Virginians are for the most part, aware of what is expected to happen at the national level, with the closures of National Parks and monuments being first on the list. We also know that the mail and Social Security checks will continue without interruption.
Virginia Governor Bob McDonnell, speaking Tuesday on his weekly WTOP radio show, had this to say about the GOP's plan to defund Obamacare, calling it a “bad policy," McDonnell went on to say that, "at this point it is the law and we are going to implement it in a way that is least offensive and harmful to the state of Virginia.”
McDonnell went on to add that, “We can’t hold federal workers and the federal government hostage with that. I think the government shutdown is not the right way to go.” Even so, with Virginia being a "defense-heavy" state, contingency plans have been put into place.
A prolonged shutdown would cost millions per shutdown day in income and sales-tax revenues, and would most effect the Hampton Roads and Northern Virginia areas. In fact, Fairfax County, in Northern Virginia is home to more than 4,100 federal contractors. In 2012, they took in a combined $26.4 billion in federal contracts.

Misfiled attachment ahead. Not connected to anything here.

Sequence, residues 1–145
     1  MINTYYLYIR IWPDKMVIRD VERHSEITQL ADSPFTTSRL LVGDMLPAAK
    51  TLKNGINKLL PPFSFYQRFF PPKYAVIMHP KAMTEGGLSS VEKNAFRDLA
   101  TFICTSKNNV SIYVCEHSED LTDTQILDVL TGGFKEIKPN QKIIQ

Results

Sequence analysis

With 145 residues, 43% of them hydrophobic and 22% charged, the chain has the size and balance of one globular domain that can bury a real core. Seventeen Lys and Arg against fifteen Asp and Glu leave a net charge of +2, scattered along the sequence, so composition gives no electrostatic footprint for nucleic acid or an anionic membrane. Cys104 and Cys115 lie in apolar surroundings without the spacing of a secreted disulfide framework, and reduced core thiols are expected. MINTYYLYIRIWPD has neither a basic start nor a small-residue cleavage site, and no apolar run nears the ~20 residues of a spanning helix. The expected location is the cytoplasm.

Martin Kent, McDonnell's Chief-of-Staff, issued a memo on Tuesday to executive branch agency heads, presidents of colleges and universities and others, outlining the policy of the state in regard to a federal government shutdown.
The policies listed had to do with not incurring expenses against federal programs after Oct. 1. There was also an outline of steps to be taken if an agency wants to extend federal funding beyond Oct. 4.
Overall, Kent pointed out that this is not a good time to have to be dealing with a shutdown of the government, especially so because Virginia is in the middle of crafting its state budget. Budgetary woes and worry over the number of defense contractors that may be furloughed can and will have an impact on Virginia, particularly if the shutdown goes into several weeks.